Monday, May 30, 2016

Italian Fascism in the United States

Paolo Ignazio Thaon di Revel
In 1924 Count Ignazio Thaon di Revel traveled from Italy to the United States to reorganize Italian-American supporters of Fascism into the Fascist League of North America or FLNA. The first incarnation of the FLNA had been founded earlier by Dino Bigongiari, Professor of Italian at Columbia University. So it can be seen that the drive toward Fascism was instigated by Italian-Americans in the United States and not by the directive of the Fascist government in Rome, though no doubt Mussolini approved. Count di Revel, however, in late 1924 took central control as President of the Fascist Council for the FLNA which stood for the opposition to radicalism, chiefly instigated by the Bolsheviks and their supporters in America (many of which were deeply imbedded in the labor unions). One member said they stood for opposition to “atheism, internationalism, free-love, communism and class hatred” which is as good a summary as any. The official oath of the Fascist League of North America stated:

I swear to my honor
To serve with fidelity and discipline the Fascist idea of society - based on religion, the Fatherland, and the family, and to respect the authority of the League and of the hierarchy and tradition of our race.
To love, serve, obey and exalt the United States of America and to render obedience and respect to its constitution and its laws.
To keep alive the cult with Italy as the Fatherland and eternal light of civilization and greatness.
To combat with all my might theories and ideas tending to subvert, corrupt, and disgrace religion, the Fatherland, or the family.
To do my best to improve my culture, my physique and my morals, to render me fit for the part I am to play in serving the nation in its hour of greatness.
To submit to the discipline of the hierarchy of the Fascist League of North America.

The FLNA attracted a great deal of criticism in the United States and other Italian-American groups, such as the Sons of Italy, condemned the organization. This threatened to damage relations between the U.S. and Italy, particularly when powerful politicians began calling for a Congressional investigation of the group. In 1929, to put a stop to such difficulties, Count Revel announced that the FLNA was disbanding, having, at that time, a membership of 12,500 in 80 branches across the country. Nonetheless, throughout the 1930’s many pro-Fascist Italian language newspapers and radio broadcasts were available to the Italian-American population, some of which had quite large audiences. One of the most prolific was the Italian Library of Information in New York City under the direction of Ugo V. D’Annunzio, son of the famous poet and nationalist. These included information on Fascist economics, the corporatist system, Italian history and the Italian contribution to the exploration, settlement and progress of America.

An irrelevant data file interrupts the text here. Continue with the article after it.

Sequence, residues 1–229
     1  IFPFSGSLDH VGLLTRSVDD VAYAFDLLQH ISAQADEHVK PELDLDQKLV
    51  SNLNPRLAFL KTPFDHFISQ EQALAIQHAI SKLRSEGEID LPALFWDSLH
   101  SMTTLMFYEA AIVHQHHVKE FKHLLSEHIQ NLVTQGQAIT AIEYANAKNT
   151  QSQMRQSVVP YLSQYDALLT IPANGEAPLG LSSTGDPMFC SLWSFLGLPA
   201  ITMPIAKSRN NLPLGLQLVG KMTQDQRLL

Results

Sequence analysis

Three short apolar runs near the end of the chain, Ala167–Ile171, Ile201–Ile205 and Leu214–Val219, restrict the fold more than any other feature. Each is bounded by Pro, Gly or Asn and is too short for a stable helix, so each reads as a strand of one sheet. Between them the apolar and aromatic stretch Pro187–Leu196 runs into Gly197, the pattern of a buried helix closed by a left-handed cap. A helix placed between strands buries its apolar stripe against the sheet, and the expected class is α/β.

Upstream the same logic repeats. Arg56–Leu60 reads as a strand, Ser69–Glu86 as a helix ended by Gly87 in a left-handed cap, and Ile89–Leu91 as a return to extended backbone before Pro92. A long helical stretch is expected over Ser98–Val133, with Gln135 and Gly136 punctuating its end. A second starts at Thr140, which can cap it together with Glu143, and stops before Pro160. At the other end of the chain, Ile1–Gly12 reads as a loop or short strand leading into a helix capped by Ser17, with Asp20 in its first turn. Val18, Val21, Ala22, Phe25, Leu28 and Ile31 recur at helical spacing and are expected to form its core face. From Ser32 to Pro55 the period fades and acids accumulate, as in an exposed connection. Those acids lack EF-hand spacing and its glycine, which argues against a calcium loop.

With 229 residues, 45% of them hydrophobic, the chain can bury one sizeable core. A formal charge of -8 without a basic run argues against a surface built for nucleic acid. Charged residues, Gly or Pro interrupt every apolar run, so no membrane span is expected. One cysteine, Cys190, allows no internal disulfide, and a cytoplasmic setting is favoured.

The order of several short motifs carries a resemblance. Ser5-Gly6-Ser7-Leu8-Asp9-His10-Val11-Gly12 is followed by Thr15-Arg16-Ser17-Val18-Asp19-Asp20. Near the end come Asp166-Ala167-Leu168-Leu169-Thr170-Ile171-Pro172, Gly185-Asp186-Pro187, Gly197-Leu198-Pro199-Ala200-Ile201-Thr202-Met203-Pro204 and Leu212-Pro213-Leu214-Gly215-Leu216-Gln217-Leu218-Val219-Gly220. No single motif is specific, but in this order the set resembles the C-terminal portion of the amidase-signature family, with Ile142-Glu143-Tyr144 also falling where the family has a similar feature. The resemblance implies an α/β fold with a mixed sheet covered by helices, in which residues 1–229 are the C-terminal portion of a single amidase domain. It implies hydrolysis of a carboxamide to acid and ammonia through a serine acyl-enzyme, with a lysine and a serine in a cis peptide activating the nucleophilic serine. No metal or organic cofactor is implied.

When the Second Italo-Abyssinian War broke out in 1935, most American sympathy was with Ethiopia, like most of the rest of the liberal-democratic world. However, Italian-American opinion was more divided and particularly as many African-Americans adopted the cause of Ethiopia, many Italian-Americans naturally took the side of Italy. Some volunteered to go and fight for Italy in Abyssinia, joining the 221st ‘Italiani all’Estero Legion of the MVSN Fascist militia (the “Black shirts”) which was made up of Italian expatriates from around the world. In the United States itself, violence sometimes erupted between African and Italian-Americans with shops being vandalized and so on. Yet, not everyone took the side expected. The noted African-American entertainer Josephine Baker (later a friend of Princess Grace of Monaco) was shocked that so many of her countrymen would sympathize with a regime that still enslaved their fellow Africans to the point that she expressed her wish that she could organize a volunteer corps of African-Americans to fight for Italy against Ethiopia.

Dr. Salvatore Caridi of the Italian War Veterans